pete santa cruz heckler

Santa Cruz Heckler: Six-Month Review

Photos Deniz Merdano
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(Midway through) A Year Aboard the Santa Cruz Heckler

We all have friends who decided to get into riding at some point, came to us for advice, eventually pulled the trigger on a bike and then learned the hard way that you also have to budget for things like shoes, gloves, bag, tools, etc. Those aren't exactly hidden costs but they illustrate the fact that it doesn't start and end with the bike. Take it a step further, like six or twelve months down the road, and the learning continues as maintenance starts coming due. Some is voluntary or can be deferred, but we can all agree that as much as riding is 'free', there is a cost to keeping your baby running, whatever standard you adhere to between 'roached is still rideable' and 'Cameron's dad's Ferrari from Ferris Bueller's Day Off'. Like me, you probably tried to warn your friend about that, but they likely scoffed at the need for things like shoes with sticky soles or extra brake pads. Hey man, I'm not here to hassle you, just to help - happy to let you learn on your own. That same friend routinely sends me 2-year old MacAskill vids they 'just discovered'. Cute.

If you'll recall from my first look at the 2022 (2023?) Santa Cruz Heckler, the idea with this bike is to ride it for a year and, in addition to reviewing it, keep track of things like maintenance and parts needed, in the interest of providing a clear picture of what it costs to run an e-bike for a year. This is a useful exercise for any bike, but e-bikes are the new kids at the trailhead, and we all suspect they go through things like tires and brake pads (not to mention chains and cassettes) at a greater rate than regular bikes. I'm not using a 'control' bike here, and this isn't meant to be scientific - just an honest accounting of what it's like to ride a bike like this for a year, to help you out in case you're thinking of making a purchase.

So, this process is one part review, one part accounting of how everything is holding up - 6-month edition. I'll follow this article up a few more times as we approach a year on the Heckler, come late winter/early spring. For today we'll focus on how the bike rides, and very shortly I'll follow up with more detail about the componentry, wear and tear and other issues we usually cover in long term reviews and start to dig into cost of ownership.

pete santa cruz heckler on Double D

The 6-Month Review - Ride Impressions

By way of bona fides, it may be useful to note that my experience on e-bikes has primarily been on ones that fit the 150mm travel category: the Trek Rail, Canyon Spectral:ON, and briefly the Rocky Mountain Power Play. I've also spent a bit of time on the longer travel Norco Range VLT and Specialized Kenevo. That includes at least some time on Bosch, Rocky, Specialized, and Shimano's motors - most on Bosch (Trek, Canyon) and Shimano (Norco and Santa Cruz).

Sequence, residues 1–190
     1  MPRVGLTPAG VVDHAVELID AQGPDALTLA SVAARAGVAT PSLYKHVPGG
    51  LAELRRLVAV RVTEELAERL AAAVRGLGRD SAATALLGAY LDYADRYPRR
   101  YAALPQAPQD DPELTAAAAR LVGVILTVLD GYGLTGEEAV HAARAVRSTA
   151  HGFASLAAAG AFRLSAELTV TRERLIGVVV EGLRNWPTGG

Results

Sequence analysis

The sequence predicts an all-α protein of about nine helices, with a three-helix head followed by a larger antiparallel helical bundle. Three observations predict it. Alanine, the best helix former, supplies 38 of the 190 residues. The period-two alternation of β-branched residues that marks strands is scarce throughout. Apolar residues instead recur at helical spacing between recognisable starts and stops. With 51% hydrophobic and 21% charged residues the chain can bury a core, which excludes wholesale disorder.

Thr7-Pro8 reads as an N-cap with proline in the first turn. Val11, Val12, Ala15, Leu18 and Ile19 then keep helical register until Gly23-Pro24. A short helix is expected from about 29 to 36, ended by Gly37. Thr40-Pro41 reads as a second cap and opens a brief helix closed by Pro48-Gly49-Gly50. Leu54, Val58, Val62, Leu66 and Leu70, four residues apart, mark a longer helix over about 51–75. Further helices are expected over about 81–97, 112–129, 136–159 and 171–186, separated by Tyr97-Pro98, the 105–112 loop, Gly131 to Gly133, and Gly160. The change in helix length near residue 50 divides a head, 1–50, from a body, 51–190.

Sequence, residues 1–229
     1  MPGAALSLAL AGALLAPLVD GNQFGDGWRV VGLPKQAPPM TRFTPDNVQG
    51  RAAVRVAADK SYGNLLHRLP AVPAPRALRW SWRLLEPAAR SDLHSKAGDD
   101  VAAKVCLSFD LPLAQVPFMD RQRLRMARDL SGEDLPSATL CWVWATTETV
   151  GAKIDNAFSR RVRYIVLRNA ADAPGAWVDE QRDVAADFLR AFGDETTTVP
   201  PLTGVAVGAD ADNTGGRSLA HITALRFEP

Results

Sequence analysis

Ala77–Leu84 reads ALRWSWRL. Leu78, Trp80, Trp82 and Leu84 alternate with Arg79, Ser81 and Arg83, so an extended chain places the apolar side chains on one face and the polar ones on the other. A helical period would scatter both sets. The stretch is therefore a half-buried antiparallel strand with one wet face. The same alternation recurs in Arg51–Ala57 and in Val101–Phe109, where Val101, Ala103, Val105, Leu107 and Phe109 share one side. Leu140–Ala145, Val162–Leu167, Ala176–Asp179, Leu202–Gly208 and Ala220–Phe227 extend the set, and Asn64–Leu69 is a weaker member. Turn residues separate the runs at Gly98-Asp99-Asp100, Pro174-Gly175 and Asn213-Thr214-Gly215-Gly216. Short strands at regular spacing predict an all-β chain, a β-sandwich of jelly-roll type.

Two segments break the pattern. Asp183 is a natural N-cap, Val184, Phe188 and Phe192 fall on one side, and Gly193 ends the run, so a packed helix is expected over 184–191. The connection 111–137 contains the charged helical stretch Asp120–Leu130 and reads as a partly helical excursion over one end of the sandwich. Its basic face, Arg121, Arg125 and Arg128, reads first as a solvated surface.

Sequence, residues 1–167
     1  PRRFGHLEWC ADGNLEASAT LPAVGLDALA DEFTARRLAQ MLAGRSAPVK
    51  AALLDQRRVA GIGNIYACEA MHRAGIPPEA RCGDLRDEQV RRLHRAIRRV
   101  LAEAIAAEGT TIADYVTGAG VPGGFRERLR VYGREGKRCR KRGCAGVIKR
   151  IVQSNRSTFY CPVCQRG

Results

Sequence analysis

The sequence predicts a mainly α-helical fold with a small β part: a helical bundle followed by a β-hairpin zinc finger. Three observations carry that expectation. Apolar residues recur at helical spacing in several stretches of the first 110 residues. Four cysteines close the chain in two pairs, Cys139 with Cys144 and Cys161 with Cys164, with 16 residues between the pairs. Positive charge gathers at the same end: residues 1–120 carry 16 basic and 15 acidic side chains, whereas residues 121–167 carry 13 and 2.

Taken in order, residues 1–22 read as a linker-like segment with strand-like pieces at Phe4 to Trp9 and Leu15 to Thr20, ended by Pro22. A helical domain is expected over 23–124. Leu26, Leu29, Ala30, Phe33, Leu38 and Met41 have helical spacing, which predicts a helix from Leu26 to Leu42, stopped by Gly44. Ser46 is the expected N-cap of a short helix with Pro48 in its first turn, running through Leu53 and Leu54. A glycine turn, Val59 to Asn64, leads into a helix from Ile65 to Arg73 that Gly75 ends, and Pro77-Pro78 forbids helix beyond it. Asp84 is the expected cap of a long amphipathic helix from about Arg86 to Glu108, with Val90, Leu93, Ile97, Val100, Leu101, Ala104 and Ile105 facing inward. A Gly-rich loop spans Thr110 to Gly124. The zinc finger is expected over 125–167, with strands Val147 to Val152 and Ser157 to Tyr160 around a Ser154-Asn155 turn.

2023 Santa Cruz Heckler1.jpg

The weight of an e-bike, carried low, makes for stable handling and comfort at speed and in rough stuff. The Heckler is no exception, however despite its 1282mm wheelbase, I also find it more comfortable in uncomfortable places* than the Trek Rail or the Spectral:ON. Early on I experienced a bit of understeer when I was pushing hard into a corner, but realized I was taking it too easy on the front end. After adding a bit more pressure to the spring (I'm running 110 psi) and leaning on the Fox 36 a little harder, the front end has come in line brilliantly and the traction feels balanced between both wheels. I have had many moments when I thought I took it to fast or too far and was about to go into pinball mode, only to have the tires hook up and the back end come swinging around just in time. There have been a few moments where the 36 reveals some flex, but in fairness, those were moments of true duress. In general I'm more than happy with the 38's little brother up front, despite the added heft of the 720kW battery and the extra 10 pounds I'm carrying around after - yes, I'll admit it - a few too many e-bike rides last winter and spring that ended at the brewery rather than the water trough. Let's talk about that later, though.

*like the back seat of a Volkswagen

deniz merdano pete santacruz heckler 1

E-bikes all require a bit more muscle to contain when the terrain wants to unsettle them, but the Heckler stays composed if you can.

The Heckler loves to go fast, and I love to go fast aboard it. It is no problem to link s-turns at pace, in fact I often have to remember to be patient and let the bike follow the terrain to complete the turn, so eager is it to set up for the next one. The Heckler's handling is incredibly sweet when I assume the attack position and ride with intention. On lazier days, no complaints, but to be a passenger is to give up the exhilaration of nailing an entry and letting the bike's inertia remind you that it doesn't require too much of a nudge to nail the exit. You wouldn't expect any issues with frame stiffness, and there are none, but combined with the Reserve wheels, the Heckler's ride feels lively but stately.